Mary Lincoln to Abraham Lincoln, May 18481Lexington May– 48–2My Dear Husband–
You will think indeed, that old age has set its seal, upon my humble self, that in few or none of my letters, I can remember the day of the month, I must confess it as one of my peculiarities; I feel wearied & tired enough to know, that this is Saturday night, our babies are asleep, and as Aunt Maria B– is coming in for me tomorrow night, morning, I think the chances will be rather dull that I should answer your last letter tomorro–. I have just received a letter from Frances W, it related in an especial manner to . I had desired her to send, she thinks with you (as good persons general agree) that it would cost more than it would come to, and it might be lost on the road, I rather expect she has examined the specified articles, and thinks as Levi says, they are hard bargains– But it takes so many changes to do children, particularly in summer, that I thought it might save me a few stitches– I think I will write her a few lines this evening, directing her not to send them– She says Willie is just recovering from another spell of sickness, Mary or none of them were well– SpringfieldTruly yoursM L–
<Page 2>she reports as dull as usual– Uncle S– was to leave there on yesterday for Ky– Our little Eddy, has recovered from his little spell of sickness– Dear boy, I must tell you a little story about him– Boby in his wanderings to day, came across in a yard, a little kitten, your hobby, he says he asked a man for it, he brought it triumphantly to the house, so soon as Eddy, ^spied it^ his tenderness, broke forth, he made them bring it water, fed it with bread himself, with his own dear hands, he was a delighted little creature over it, in the midst of his happiness Ma came in, she you must know dislikes the whole cat-race, I thought in a very unfeeling manner, she ordered the servant near, to throw it out, which of course, was done–, Ed—screaming & protesting loudly against the proceeding, she never appeared to mind his screams, which were long & loud, I assure you– Tis unusual for her now a days, to do any thing quite so striking, she is very obliging & accommodating, but if she thought any of us, were on her hands again, I believe she would be worse than ever– In the next moment she appeared in a good humor, I know she did not intend to offend me– By the way, she has just sent me up a glass of ice cream, for which this warm evening, I am duly grateful. The country is so delightful I am going to spend two or three weeks out there, it will doubtless benefit the children– Grandma has received a letter from Uncle James Parker of Miss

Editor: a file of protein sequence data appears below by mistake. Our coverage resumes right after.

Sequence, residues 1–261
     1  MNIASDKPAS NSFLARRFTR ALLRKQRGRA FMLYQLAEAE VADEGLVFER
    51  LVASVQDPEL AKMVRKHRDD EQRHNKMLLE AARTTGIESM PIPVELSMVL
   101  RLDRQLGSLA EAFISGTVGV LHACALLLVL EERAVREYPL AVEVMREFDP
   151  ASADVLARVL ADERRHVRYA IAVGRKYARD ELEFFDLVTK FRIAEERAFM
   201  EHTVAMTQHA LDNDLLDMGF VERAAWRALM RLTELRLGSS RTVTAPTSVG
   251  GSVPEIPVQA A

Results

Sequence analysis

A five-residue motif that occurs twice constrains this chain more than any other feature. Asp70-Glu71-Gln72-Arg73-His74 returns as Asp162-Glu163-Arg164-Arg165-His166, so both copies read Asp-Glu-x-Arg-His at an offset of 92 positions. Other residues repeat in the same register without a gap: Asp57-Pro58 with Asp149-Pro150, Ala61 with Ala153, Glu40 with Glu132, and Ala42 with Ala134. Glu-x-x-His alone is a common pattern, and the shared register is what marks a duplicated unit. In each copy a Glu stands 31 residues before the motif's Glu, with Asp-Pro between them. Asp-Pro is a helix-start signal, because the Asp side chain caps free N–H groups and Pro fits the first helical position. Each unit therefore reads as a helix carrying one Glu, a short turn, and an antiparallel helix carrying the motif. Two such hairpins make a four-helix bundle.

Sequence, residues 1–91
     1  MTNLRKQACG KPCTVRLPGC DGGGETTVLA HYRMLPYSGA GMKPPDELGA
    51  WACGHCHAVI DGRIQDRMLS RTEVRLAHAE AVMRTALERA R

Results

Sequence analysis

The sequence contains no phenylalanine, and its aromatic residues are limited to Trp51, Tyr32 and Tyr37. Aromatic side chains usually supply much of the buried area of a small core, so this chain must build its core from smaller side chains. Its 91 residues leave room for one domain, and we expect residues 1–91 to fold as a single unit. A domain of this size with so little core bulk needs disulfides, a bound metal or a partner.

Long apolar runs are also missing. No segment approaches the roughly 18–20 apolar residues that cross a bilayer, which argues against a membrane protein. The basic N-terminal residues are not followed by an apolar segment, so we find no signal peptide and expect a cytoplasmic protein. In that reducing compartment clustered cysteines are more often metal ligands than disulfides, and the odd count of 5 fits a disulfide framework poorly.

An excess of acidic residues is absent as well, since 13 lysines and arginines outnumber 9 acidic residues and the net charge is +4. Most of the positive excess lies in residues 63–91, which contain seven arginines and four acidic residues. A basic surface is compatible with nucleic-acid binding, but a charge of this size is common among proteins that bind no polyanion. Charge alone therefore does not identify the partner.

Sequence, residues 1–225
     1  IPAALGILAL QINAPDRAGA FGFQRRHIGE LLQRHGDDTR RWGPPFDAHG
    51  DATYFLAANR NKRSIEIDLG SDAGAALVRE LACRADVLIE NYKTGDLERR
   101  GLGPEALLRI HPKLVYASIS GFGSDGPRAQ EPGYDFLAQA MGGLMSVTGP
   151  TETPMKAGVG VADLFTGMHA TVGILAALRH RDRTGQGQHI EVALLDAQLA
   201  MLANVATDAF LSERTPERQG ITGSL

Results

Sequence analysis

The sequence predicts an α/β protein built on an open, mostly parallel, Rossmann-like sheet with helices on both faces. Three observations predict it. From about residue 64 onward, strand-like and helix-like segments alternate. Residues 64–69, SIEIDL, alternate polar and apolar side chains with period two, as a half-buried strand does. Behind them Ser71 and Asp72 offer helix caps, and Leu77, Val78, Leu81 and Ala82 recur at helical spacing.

<Page 3>saying he & his family would be up by the twenty fifth of June, would remain here some little time & go on to Philadelphia to take their oldest daughter there to school, I believe it would be a good chance for me to pack up & accompany them– You know I am so fond of sight seeing, & I did not get to New York or Boston, or travel the lake route–3 But perhaps, dear husband, like the irresistible Col Mc, cannot do without his wife next winter, and must needs take her with him again– I expect you would cry aloud against it– How much, I wish instead of writing, we were together this evening, I feel very sad away from you– Ma & myself rode out to Mr Bell’s splendid place this afternoon, to return a call, the house and grounds are magnificent, Frances W would have died over their rare exotics– It is growing late, these summer eves are short, I expect my long scrawls, for truly such they are, weary you greatly– if you come on, in July or August I will take you to the springs– Patty Webb’s, school in L– closes the first of July, I expect Mr Webb, will come on for her, I must go down about that time & carry on quite a flirtation, you know we, Always had a penchant that way– With love I must bid you good night– Do not fear the children, have forgotten you, I was only jesting– Even E– eyes brighten at the mention of your name– My love to all–
. . . 200 to drive out on the Bedford road [on?] sunny day, . . . the Hudson take a drive feel . . . looks . . . house . . .
arrive at . . . 500 . . . wait in . . .
Letter her husband
Letter her husband
1Mary Lincoln wrote and signed the letter. The endorsements and docketing on the back page are in an unknown hand.
2Abraham Lincoln arrived in Washington to begin his congressional career on December 2, 1847, bringing his wife and two children in tow. Mary stayed in Washington until sometime prior to April, when she and the children returned to stay with her parents in Lexington, Kentucky.
Michael Burlingame, Abraham Lincoln: A Life (Baltimore: The Johns Hopkins University Press, 2008), 1:257; Jean H. Baker, Mary Todd Lincoln: A Biography (New York: W. W. Norton, 1987), 136-37, 141.
Autograph Letter Signed, 4 page(s), Lincoln Collection, Abraham Lincoln Presidential Library and Museum (Springfield, IL)